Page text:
Paying for University

When applying to university it is important to understand how you are going to pay for your studies. If you are confused about what’s on offer and who is eligible, read our simple guide to student funding for a straightforward explanation of what’s out there and how to get it, or for a quick overview, take a look at our infographic.

Money from the Government

The main sources of funds from the government available to students are:

  • A Tuition Fee Loan – this is a loan of up to £9,250 a year, made to you to pay for your tuition fees and it is paid directly to the University you will be attending. All full-time students are entitled to a tuition fee loan, which is designed to cover the full cost of the university tuition fee. The loan is transferred directly to the institution that you are attending, so you never see the money. However, it is important to note that not all tuition fees are the same in every region - these vary across England, Scotland, Wales and Northern Ireland, as tuition fees vary across these locations. The maximum tuition fee loan currently stands at £9,250 and if the university you are going to charges this for your course this is the loan you will get.
  • A Maintenance Loan – this loan of up to £11,002 a year intended to help towards your living costs whilst at University including accommodation. Everyone is entitled to a percentage of this loan, but to be eligible for the full amount you will be required to provide details of your household income. All eligible students are also entitled to a maintenance loan, which is designed to help students pay for living costs whilst at university. This loan lands in your bank account at the start of each term in the form of instalments, and you can use it however you like, but the smart thing to do is of course put it towards your basic living costs (accommodation, utility bills, food, savings, etc).

It’s important to note that maintenance loans are awarded on a sliding scale - the higher your household income, the less support you’ll get. Whereas students from low-income households may be eligible for an increased maintenance loan. What you will get also varies depending on the specific region of the UK. Many students find that their maintenance loan does not cover their living costs and have to either find a part time job or get financial support from their parents.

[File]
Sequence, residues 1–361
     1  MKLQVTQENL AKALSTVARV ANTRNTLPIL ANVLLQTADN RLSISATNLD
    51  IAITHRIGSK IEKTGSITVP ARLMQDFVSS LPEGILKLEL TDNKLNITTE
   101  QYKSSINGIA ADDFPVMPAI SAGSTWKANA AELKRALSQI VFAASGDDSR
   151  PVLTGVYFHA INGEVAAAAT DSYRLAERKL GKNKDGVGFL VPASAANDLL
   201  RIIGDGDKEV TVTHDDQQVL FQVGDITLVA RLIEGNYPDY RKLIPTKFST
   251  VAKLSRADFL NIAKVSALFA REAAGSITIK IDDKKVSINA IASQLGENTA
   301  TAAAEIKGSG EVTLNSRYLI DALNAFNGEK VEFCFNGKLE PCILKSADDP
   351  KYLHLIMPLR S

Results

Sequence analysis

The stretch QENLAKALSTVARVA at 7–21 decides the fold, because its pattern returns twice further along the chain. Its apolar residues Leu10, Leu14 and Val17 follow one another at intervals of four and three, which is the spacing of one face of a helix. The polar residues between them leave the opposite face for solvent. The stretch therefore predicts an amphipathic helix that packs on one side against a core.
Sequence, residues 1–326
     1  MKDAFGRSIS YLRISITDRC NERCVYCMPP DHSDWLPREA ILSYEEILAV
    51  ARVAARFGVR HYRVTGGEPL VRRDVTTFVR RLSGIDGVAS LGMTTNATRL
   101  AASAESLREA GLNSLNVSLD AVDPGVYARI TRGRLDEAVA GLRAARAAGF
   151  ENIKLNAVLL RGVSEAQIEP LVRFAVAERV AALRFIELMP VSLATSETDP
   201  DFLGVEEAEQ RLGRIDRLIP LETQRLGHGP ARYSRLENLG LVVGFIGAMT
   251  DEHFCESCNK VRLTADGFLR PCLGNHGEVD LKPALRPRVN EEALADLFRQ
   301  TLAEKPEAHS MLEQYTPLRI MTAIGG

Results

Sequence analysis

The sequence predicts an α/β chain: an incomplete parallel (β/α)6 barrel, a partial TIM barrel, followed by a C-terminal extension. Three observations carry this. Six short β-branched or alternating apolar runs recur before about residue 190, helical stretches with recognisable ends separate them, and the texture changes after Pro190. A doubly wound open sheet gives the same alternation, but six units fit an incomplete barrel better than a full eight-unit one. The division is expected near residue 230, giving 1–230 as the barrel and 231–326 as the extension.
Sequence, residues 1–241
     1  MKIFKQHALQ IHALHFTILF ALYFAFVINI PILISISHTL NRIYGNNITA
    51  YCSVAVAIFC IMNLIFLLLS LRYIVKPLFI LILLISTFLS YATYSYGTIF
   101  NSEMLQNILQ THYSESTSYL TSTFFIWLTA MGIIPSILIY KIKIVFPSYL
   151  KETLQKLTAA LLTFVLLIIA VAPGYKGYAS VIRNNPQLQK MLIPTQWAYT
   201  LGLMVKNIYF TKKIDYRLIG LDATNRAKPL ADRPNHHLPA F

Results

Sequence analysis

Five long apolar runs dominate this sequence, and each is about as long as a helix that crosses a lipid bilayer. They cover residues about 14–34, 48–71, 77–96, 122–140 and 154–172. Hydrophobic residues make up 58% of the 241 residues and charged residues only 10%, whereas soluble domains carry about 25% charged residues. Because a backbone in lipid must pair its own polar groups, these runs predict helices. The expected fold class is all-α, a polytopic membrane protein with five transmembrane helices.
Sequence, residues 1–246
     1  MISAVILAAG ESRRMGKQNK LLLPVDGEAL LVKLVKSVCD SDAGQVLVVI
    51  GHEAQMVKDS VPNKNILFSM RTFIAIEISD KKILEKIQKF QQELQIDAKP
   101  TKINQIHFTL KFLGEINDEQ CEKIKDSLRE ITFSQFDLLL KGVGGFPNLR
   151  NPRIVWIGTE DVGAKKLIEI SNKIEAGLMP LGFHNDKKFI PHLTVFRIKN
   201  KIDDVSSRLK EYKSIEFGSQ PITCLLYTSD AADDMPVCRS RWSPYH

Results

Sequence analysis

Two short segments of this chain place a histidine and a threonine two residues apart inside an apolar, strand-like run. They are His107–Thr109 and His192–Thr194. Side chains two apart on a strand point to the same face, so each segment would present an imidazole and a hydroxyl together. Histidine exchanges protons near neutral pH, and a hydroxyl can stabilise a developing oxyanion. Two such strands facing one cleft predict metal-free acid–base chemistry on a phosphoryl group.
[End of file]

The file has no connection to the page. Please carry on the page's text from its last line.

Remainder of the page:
These loans need to be paid back and you will be charged interest on them as soon as you start your course. Learn more about the loan repayment terms of the undergraduate and postgraduate loans.

Who is eligible?
Loans are available from the UK government and are offered to UK/EU students studying full or part time at an accredited UK institution. You need to be studying your first Higher Education qualification (unless you are applying for a Masters Loan)

Find out more about eligibility for undergraduate and postgraduate  loans. 

Other sources of funding

Scholarships, Grants & Bursaries - These terms seem to be used fairly interchangeably and it can be confusing, but the basic principle of each is the same. The main thing to remember is that any money you receive as a scholarship, grant or bursary, does not need to be paid back. Often there are stipulations about how the money can be spent or conditions attached requiring specific commitments from you as the recipient.

You can find out more about this type of funding in our Guide to UK Scholarships.

Grants from charities and trusts.
There are literally thousands of smaller charities and trusts in the UK which offer grants either for educational or welfare purposes. Each one will have its own specific criteria and you will need to identify those for which you might be eligible. As part of our member benefits package, you can access an external database of over 3,500 charities and trusts which offer educational related grants or you can find them in the “Guide to Educational Grants”, a book which can be found in most reference libraries.

Grants from the government
There are still some student grants available to UK students even though the maintenance grant is no longer offered for anyone who started university in 2016 or beyond. Grants are offered by the government for students with specific circumstances or needs, as well as potential grants from charities and trusts. Remember that these grants are free money that you do not need to pay back so make sure you know what’s out there and whether you are eligible to apply.

Funds4Uni
Funds4Uni is a unique partnership between The Scholarship Hub and easyfundraising which allows students to fundraise for their studies at both undergraduate and postgraduate level without it costing their supporters a penny.

Free donations are made by retailers to support your education, every time one of your supporters – family and friends – shops online via Funds4Uni. This scheme can be used to save towards your university expenses, help relieve some of the costs while you are there, or pay towards your loans once you’ve finished. Find out more and sign up here.